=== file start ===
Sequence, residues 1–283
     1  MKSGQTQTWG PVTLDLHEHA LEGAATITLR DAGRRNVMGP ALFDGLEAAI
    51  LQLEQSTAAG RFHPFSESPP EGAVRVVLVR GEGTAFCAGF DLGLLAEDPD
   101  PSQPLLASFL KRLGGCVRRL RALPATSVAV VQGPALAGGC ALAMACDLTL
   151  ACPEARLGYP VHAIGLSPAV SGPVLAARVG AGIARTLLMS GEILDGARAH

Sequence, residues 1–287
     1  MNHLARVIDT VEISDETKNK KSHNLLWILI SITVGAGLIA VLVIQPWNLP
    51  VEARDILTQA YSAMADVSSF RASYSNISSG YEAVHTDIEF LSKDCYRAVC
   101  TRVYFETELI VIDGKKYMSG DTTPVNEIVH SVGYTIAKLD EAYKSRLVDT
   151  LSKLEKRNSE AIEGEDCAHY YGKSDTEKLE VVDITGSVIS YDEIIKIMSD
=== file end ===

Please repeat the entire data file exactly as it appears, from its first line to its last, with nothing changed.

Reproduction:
Sequence, residues 1–283
     1  MKSGQTQTWG PVTLDLHEHA LEGAATITLR DAGRRNVMGP ALFDGLEAAI
    51  LQLEQSTAAG RFHPFSESPP EGAVRVVLVR GEGTAFCAGF DLGLLAEDPD
   101  PSQPLLASFL KRLGGCVRRL RALPATSVAV VQGPALAGGC ALAMACDLTL
   151  ACPEARLGYP VHAIGLSPAV SGPVLAARVG AGIARTLLMS GEILDGARAH

Sequence, residues 1–287
     1  MNHLARVIDT VEISDETKNK KSHNLLWILI SITVGAGLIA VLVIQPWNLP
    51  VEARDILTQA YSAMADVSSF RASYSNISSG YEAVHTDIEF LSKDCYRAVC
   101  TRVYFETELI VIDGKKYMSG DTTPVNEIVH SVGYTIAKLD EAYKSRLVDT
   151  LSKLEKRNSE AIEGEDCAHY YGKSDTEKLE VVDITGSVIS YDEIIKIMSD